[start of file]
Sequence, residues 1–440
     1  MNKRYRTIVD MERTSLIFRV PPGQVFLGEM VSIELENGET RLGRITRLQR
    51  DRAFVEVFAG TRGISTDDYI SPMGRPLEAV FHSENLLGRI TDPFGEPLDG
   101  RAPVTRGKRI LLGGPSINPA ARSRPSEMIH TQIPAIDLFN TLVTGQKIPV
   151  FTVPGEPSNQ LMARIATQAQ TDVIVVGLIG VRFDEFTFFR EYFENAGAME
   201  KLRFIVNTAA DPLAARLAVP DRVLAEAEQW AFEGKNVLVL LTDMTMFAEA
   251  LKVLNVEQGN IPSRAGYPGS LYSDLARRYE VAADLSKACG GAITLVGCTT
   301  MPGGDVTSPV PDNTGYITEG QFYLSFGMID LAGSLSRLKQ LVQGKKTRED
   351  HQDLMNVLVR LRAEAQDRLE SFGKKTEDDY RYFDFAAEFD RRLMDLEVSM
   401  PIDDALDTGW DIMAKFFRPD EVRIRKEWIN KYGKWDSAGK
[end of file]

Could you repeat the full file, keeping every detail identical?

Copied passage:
Sequence, residues 1–440
     1  MNKRYRTIVD MERTSLIFRV PPGQVFLGEM VSIELENGET RLGRITRLQR
    51  DRAFVEVFAG TRGISTDDYI SPMGRPLEAV FHSENLLGRI TDPFGEPLDG
   101  RAPVTRGKRI LLGGPSINPA ARSRPSEMIH TQIPAIDLFN TLVTGQKIPV
   151  FTVPGEPSNQ LMARIATQAQ TDVIVVGLIG VRFDEFTFFR EYFENAGAME
   201  KLRFIVNTAA DPLAARLAVP DRVLAEAEQW AFEGKNVLVL LTDMTMFAEA
   251  LKVLNVEQGN IPSRAGYPGS LYSDLARRYE VAADLSKACG GAITLVGCTT
   301  MPGGDVTSPV PDNTGYITEG QFYLSFGMID LAGSLSRLKQ LVQGKKTRED
   351  HQDLMNVLVR LRAEAQDRLE SFGKKTEDDY RYFDFAAEFD RRLMDLEVSM
   401  PIDDALDTGW DIMAKFFRPD EVRIRKEWIN KYGKWDSAGK